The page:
- Master of Science
Nature of the Program
Students in the AACSB accredited 30 credit-hour online MS in Human Resource Leadership are expected to develop skills including:
- Explain choices in human capital policies and procedures using established theory
- Evaluate the impact of HR practices on organization and individual-level performance and strategic goal attainment
- Recommend, implement, and assess changes to human capital management both to increase organizational performance, and in response to externalities andchange in organization strategy
- Effectively lead teams and organizations through change management initiatives
- Foster the creation and growth of positive work environments and effective organizational cultures
- Utilize data and business analytics to assess performance and value-creation
- Effectively communicate across all levels of organizational hierarchy
By focusing on developing advanced professional knowledge, data-driven decision-making skills, and leadership capabilities, our MS in Human Resource Leadership graduates will be positioned to compete in a growing market andsee continued upward movement along their career-path. In attaining the MS Human Resource Leadership degree, those with HR-related undergraduate degrees will benefit by strengthening their data analytic skills and strategic mindset. Additional prospective students will include individuals seeking to transition their current careers into the HR function. This group will acquire specialized knowledge and skills they have not had the opportunity to receive working in other business functions.
Our MS Human Resource Leadership graduates will be subject matter experts with the ability to make data-driven managerial decisions, andthe skills to assume leadership roles within their organizations. Graduates will possess both the technical skills in demand by national employers, as well as the “soft” or“people” skills frequently absent from on-the-job training. Our students will be educated in how to understand business practice and strategy from an integrated perspective that is not limited to a functional “silo.” Graduates will apply their learning to improve the performance of organizations in local, state, and federal contexts by leveraging the diverse talents of human capital including the residents of West Virginia and the world.
In addition to the University’s academic and professional standards, students enrolled in a John Chambers College of Business and Economics master’s degree program must also abide by the following standards:
- Students must have a minimum cumulative GPA of 3.0 to earn a degree from their graduate program, without exception.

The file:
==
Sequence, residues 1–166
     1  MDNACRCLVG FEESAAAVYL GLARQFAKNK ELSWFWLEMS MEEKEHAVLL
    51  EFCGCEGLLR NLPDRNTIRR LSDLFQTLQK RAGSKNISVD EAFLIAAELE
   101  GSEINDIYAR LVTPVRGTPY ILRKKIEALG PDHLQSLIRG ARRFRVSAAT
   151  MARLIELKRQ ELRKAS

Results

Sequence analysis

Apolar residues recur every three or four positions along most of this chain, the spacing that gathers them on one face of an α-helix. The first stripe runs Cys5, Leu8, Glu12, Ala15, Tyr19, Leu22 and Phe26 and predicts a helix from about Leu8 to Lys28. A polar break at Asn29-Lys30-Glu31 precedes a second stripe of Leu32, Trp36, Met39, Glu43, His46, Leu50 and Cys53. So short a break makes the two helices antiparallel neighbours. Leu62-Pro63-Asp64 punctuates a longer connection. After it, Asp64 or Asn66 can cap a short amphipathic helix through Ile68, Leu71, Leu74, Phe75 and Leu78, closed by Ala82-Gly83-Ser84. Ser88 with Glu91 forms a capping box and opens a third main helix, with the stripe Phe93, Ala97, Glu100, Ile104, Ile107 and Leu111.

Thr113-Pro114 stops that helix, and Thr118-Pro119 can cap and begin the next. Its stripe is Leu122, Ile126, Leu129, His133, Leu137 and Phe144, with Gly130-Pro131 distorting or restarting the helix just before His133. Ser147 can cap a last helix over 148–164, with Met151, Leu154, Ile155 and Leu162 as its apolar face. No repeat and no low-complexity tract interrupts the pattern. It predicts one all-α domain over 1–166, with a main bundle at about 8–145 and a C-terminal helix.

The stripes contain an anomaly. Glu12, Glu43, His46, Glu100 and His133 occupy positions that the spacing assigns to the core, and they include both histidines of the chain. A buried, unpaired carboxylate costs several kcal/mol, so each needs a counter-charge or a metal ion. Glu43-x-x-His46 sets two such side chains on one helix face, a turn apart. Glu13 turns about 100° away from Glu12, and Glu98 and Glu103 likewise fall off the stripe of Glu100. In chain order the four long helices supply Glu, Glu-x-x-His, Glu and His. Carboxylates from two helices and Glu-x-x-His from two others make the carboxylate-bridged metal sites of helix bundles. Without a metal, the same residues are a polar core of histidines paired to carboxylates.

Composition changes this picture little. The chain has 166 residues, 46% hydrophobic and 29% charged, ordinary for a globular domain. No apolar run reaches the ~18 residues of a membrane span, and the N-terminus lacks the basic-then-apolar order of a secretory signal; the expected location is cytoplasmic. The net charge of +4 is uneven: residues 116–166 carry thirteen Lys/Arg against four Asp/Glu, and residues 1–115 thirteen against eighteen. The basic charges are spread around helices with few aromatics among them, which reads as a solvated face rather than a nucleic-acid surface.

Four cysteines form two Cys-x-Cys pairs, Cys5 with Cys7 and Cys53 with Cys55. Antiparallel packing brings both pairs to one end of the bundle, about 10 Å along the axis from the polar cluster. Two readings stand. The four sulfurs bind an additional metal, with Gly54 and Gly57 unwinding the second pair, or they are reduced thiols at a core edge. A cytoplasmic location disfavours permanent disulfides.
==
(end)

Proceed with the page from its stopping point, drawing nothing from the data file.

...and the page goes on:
- A student who cannot mathematically meet the 3.0 GPA requirement to successfully complete the degree, within a reasonable period of time (as defined by the Program Coordinator or designee), will be dismissed from their academic program. Visit the Probation, Suspension, and Dismissal section of the University’s Graduate Catalog for more information about this topic.
- Students must follow the professional standards established by their degree program and/or department. A student who violates the established professional standards may be placed on probation, suspended, or dismissed from their program.
- A student whose cumulative GPA falls below 2.75 will automatically be placed on academic probation.
- A student will be suspended from their program, for up to one year, if their GPA is not raised to 2.75 by the end of their subsequent semester of enrollment. The program will reevaluate the student after the term of suspension to determine whether they may return to the program or be dismissed.
- A student will be suspended from their program if they earn a letter grade below C- in more than one required course.
- A student who earns a letter grade of D or F in any required course must repeat the course and earn a minimum letter grade of C-.
- Any grade earned in a repeated course at the graduate level is included in the calculation of a student’s overall and major GPA, along with the original grade earned in the course. Additionally, the original grade earned in the course will remain on the student’s academic transcript/permanent record. Visit the Grades section of the University Graduate Catalog for more information about this topic.
Any exceptions to the above standards must be approved in writing by the Assistant or Associate Dean and the Program Coordinator.
The MSHRL Admissions Committee is made up of John Chambers College of Business and Economics faculty. The Committee reviews applications holistically and will admit students based on strength of their admissions application and potential to succeed in this program.
MSHRL Admissions Requirements:
- Resume detailing applicant’s employment history, job responsibilities and professional accomplishments.
- Two years of full-time work experience.
- Academic Transcripts – An Undergraduate GPA of 3.0 or higher is preferred. If the applicant’s undergraduate GPA is less than a 3.0, then the applicant must submit GMAT or GRE scores for consideration.
- Statement of Purpose (500 words) – Describe your academic background and work experience (roles and responsibilities) and how they have prepared you to pursue a graduate degree in HR. Explain why you would like to pursue the online MSHRL at WVU. What are your career plans/goals after completing the MSHRL?
- Two letters of recommendation (preferably one letter related to professional experience and another related to academic background).
For international applicants, please consult the additional John Chambers College of Business and Economics requirements which are different than the university requirements.
Major Code: 2170
All graduate programs in the John Chambers College of Business and Economics require that enrolled students maintain a minimum cumulative GPA of 3.0 in coursework applied toward their degree program, as outlined in the specific academic program of study. Students must also have a minimum cumulative GPA of 3.0 to earn a graduate degree from their respective program.
Human Resource Leadership Master of Science Curriculum Requirements
Regular Standing Curriculum Requirements
|A minimum GPA of 3.0 is required in all coursework counted toward the degree.|
|ILR 562||Labor Relations||3|
|ILR 510||Recruitment, Assessment, & Selection||3|
|ILR 541||Total Reward Systems||3|
|ILR 503||Performance Management Systems & Strategies||3|